Mancuso 'ndrina

The Mancuso 'ndrina is a very powerful clan of the 'Ndrangheta, a criminal and mafia-type organisation in Calabria, Italy. The 'ndrina is based in Limbadi and Nicotera and is considered by the investigative bodies as the most influential clan in the province of Vibo Valentia.[1]

Mancuso 'ndrina
Founding locationLimbadi, Calabria, Italy
Years active1970s-present
TerritoryLimbadi and Nicotera in Calabria
Presence also in Lombardy, Piedmont, Lazio, Tuscany and Emilia-Romagna
AlliesPiromalli 'ndrina
Bellocco 'ndrina
Pesce 'ndrina
La Rosa 'ndrina

They also have influences in the Metropolitan City of Reggio Calabria thanks to the alliance with the Piromalli of Gioia Tauro and the Pesce of Rosarno,[2] contacts with the Torcasio-Giampà group and in the Crotone area where they have links with the Arena 'ndrina of Isola di Capo Rizzuto.[3] They have contacts with the Cosa Nostra families, and historically with the Colombian FARC and the United Self-Defense Forces of Colombia (AUC).

In northern Italy they are present in the northern hinterland of Milan, in particular in Monza, Novara and in the municipalities of Giussano, Seregno, Verano Brianza and Mariano Comense,[4] they are also present in Piedmont (Turin) and Emilia-Romagna (Parma and Bologna), while in central Italy they are present in Lazio and Tuscany. The 'ndrina is also active abroad in particular in Togo,[5] where it takes care of its main criminal activity in Africa, representing the new logistic center for the international trafficking of cocaine.[6]

The Mancuso 'ndrina has been defined by Giuseppe Lumia, the former president of the Antimafia Commission, as the most financially powerful clan in Europe.[7]

Criminal activitiesEdit

The main criminal business of the clan is the international drug trafficking[8] as confirmed by the very important police operation "Takeoff"[9] in 2004, the report of the Minister of the Interior of the DIA year 2008 declares: "The Mancusos operate in the prosperous the cocaine trafficking sector, where they managed to acquire considerable weight, securing a privileged channel with the Colombian cartels, with the Spanish drug traffickers, reaching as far as Australia",[10] followed by extortion, usury;[11] The public procurement sector is also very important for the clan, so much so that a report on the health of Vibonese by the Guardia di Finanza in 2007 stated: "The influence of the Mancusos was also evident in the sector of public works awarded through contracts; this has given them the typical characteristics of a mafia formation with a high economic-financial vocation";[12] the 'ndrina also practices laundering of its illicit proceeds, particularly in the hotel tourism context, as stated in the report of the interior minister to parliament on the activities of the DIA in 2007;[11] the criminal consortium also managed to infiltrate the public administration,[11] in fact the dissolution of the municipal council of Nicotera in 2010 is also due to the influence exercised by the 'ndrina and its connections with administrators and municipal employees as shown in the report of the prefect of Vibo Valentia attached to the dissolution decree.[13]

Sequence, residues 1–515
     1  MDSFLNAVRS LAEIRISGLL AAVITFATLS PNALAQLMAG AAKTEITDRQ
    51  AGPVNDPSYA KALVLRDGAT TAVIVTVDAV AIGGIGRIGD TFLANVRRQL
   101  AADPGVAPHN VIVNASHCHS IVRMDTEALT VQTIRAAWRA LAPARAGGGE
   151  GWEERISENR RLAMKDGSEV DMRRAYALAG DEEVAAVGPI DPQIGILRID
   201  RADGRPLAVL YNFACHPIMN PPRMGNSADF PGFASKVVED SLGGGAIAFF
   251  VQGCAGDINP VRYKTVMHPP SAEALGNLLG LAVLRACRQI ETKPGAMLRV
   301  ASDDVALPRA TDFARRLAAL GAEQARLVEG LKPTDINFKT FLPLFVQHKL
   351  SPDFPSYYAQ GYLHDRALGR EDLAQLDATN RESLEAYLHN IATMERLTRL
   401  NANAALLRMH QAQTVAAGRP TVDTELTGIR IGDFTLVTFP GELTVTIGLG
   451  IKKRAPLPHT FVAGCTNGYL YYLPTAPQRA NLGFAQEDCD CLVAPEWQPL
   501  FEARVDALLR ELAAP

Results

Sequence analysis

According to the pentito Andrea Mantella, some members of the Mancuso 'ndrina possess the dowry of "medaglione", one of the top qualities in the ' Ndrangheta's hierarchy.[14] According to the results of the Rinascita-Scott investigation of 2019, the pentito Luigi Bonaventura states that during a meeting in Polsi, the Locale of Limbadi, of which the Mancusos belong to and are hegemonic, has been recognized by the Crimine and therefore all the other Locali and of Vibo Valentia would have had a secondary role.[15] Also from the investigations that took place between 2014 and 2017, it became clear the apical role of Luigi Mancuso in the 'Ndrangheta's hierarchy in the Tyrrhenian area, thus deducing that the Mancusos and therefore the Limbadi locale are part of the "Mandamento tirrenico", a territorial superstructure of the 'Ndrangheta which acts as a connecting body between the Crimine above and the underlying Locali that exist in the province of Reggio Calabria, Gioia Tauro and the Tyrrhenian area.[15][16]

Historical leadersEdit

  • Francesco Mancuso, known as "Don Ciccio", (1929-1997). — In 1983 he was mayor of Limbadi.[17]
  • Antonio Mancuso, known as "Zio Ntoni", (1938). Son of "Don Peppe" (1902). — Considered one of the charismatic leaders of the 'ndrina.[18]
  • Pantaleone Mancuso, known as "Scarpuni", (1961). Son of "Don Turi" (Chief of the armed wing). — Detained in the Badu 'e Carros prison, and subjected to the prison regime of the article 41-bis.[19]
  • Cosmo Mancuso, known as "Zio Michele", (1949). Son of "Don Peppe" (1902). — At the head of one of the 3 branches into which the Mancuso family split. He was arrested on April 12, 2019.[20]
  • Francesco Mancuso , known as "Zio Ciccio" or "Tabacco", (1957). — Son of "Don Mico" (1927). At the head of one of the 3 branches into which the Mancuso family split.[21]